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Hoffmann, R. A wiki for the life sciences where authorship matters. Nature Genetics (2008)

Linking phenolic oxidation in the midgut lumen with oxidative stress in the midgut tissues of a tree-feeding caterpillar Malacosoma disstria (Lepidoptera: Lasiocampidae).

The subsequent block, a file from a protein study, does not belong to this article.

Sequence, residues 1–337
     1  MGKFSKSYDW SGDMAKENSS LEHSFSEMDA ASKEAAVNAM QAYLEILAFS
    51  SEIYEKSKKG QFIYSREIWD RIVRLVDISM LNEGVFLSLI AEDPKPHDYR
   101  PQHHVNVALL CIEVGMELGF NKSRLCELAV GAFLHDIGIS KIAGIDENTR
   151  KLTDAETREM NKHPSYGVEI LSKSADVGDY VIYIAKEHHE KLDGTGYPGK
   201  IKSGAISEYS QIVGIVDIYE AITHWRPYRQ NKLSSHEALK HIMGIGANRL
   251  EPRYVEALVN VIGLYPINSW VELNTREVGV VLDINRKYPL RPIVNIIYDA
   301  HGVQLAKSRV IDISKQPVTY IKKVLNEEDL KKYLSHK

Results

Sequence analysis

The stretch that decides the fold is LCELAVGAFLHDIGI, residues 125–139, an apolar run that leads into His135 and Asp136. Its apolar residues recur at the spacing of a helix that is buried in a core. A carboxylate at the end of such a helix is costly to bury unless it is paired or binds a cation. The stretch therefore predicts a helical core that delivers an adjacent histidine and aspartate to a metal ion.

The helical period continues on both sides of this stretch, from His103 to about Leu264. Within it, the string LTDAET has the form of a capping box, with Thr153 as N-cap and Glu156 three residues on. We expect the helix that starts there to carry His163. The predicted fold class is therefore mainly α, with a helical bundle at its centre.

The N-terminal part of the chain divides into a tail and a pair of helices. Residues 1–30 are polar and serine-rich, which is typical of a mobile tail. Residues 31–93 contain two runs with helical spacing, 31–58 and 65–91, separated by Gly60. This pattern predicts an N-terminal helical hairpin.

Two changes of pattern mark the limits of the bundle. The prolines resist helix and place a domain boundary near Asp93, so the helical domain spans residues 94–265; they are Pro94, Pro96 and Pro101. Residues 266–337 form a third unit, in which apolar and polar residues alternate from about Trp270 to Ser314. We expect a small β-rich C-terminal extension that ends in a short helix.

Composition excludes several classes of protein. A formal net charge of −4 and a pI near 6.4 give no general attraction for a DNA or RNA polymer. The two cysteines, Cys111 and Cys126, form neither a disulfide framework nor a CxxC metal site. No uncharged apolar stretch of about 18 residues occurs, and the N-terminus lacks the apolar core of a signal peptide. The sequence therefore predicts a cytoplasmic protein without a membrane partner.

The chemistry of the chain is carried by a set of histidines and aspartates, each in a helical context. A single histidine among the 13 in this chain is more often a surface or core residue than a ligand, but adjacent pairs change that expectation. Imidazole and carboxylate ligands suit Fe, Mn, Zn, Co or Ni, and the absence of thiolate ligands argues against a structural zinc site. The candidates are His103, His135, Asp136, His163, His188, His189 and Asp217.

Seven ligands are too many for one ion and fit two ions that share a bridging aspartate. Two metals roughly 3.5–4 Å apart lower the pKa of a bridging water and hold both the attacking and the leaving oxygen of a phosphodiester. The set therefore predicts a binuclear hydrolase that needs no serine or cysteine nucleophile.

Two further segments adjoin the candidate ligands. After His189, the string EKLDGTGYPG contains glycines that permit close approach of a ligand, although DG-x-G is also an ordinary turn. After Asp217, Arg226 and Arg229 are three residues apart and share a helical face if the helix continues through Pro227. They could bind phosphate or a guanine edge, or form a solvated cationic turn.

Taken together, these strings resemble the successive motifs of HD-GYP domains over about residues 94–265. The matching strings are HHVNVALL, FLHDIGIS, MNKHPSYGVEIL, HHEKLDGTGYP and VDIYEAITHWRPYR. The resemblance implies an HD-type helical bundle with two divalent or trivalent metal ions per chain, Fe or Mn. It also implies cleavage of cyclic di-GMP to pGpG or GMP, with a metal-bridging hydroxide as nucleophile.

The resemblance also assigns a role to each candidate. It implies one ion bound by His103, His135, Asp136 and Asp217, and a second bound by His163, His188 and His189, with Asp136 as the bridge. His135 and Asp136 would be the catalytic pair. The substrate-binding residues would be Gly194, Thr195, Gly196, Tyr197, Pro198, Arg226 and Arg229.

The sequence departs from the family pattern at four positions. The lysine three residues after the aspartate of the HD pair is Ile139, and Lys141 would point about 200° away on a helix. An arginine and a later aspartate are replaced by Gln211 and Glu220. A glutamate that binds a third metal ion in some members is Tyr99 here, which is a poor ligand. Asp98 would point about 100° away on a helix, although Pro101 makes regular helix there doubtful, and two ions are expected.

Tannins are believed to function as plant defenses against caterpillars, in part, as a result of their oxidation in the midgut lumen. One putative mode of action that has not been examined in leaf-feeding larvae is oxidative stress in midgut tissues that results from tannin oxidation in the midgut lumen. The test species used in this study, Malacosoma disstria Hübner (Lasiocampidae), is known to have higher levels of phenolic oxidation in its midgut contents when it consumes the oxidatively active leaves of sugar maple (Acer saccharum Marshall) than when it consumes the leaves of red oak (Quercus rubra L.). This study tested the hypothesis that increased phenolic oxidation in the midgut lumen of M. disstria is associated with increased oxidative stress in its midgut tissues. Three markers (oxidized ascorbate:total ascorbate, oxidized glutathione:total glutathione, and oxidized proteins) were measured in larvae fed either sugar maple or red oak leaves. In addition, we examined whether superoxide dismutase (SOD) activity might be a useful inducible marker of oxidative stress in M. disstria midgut tissues. Three of the markers indicated that significantly higher levels of oxidative stress were produced in the midgut tissues of M. disstria that fed on sugar maple than on red oak. However, SOD activity did not differ between sugar maple- and red oak-feeding larvae. This study is the first to show a link between phenolic oxidation in the midgut contents of caterpillars and oxidative stress in their midgut tissues.[1]


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